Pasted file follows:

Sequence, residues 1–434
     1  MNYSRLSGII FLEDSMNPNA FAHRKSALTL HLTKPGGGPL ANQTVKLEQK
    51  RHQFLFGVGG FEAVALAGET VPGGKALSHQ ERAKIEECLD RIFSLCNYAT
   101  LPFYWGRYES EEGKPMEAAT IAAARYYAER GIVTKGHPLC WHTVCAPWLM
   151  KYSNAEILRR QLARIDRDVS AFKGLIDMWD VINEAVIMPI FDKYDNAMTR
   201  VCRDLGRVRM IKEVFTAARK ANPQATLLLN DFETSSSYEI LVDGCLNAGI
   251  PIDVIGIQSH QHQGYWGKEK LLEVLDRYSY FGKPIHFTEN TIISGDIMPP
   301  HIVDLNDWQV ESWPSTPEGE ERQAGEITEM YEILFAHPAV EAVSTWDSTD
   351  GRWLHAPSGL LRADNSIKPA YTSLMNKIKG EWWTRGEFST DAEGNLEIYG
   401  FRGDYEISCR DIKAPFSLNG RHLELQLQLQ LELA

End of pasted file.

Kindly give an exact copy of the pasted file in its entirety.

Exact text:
Sequence, residues 1–434
     1  MNYSRLSGII FLEDSMNPNA FAHRKSALTL HLTKPGGGPL ANQTVKLEQK
    51  RHQFLFGVGG FEAVALAGET VPGGKALSHQ ERAKIEECLD RIFSLCNYAT
   101  LPFYWGRYES EEGKPMEAAT IAAARYYAER GIVTKGHPLC WHTVCAPWLM
   151  KYSNAEILRR QLARIDRDVS AFKGLIDMWD VINEAVIMPI FDKYDNAMTR
   201  VCRDLGRVRM IKEVFTAARK ANPQATLLLN DFETSSSYEI LVDGCLNAGI
   251  PIDVIGIQSH QHQGYWGKEK LLEVLDRYSY FGKPIHFTEN TIISGDIMPP
   301  HIVDLNDWQV ESWPSTPEGE ERQAGEITEM YEILFAHPAV EAVSTWDSTD
   351  GRWLHAPSGL LRADNSIKPA YTSLMNKIKG EWWTRGEFST DAEGNLEIYG
   401  FRGDYEISCR DIKAPFSLNG RHLELQLQLQ LELA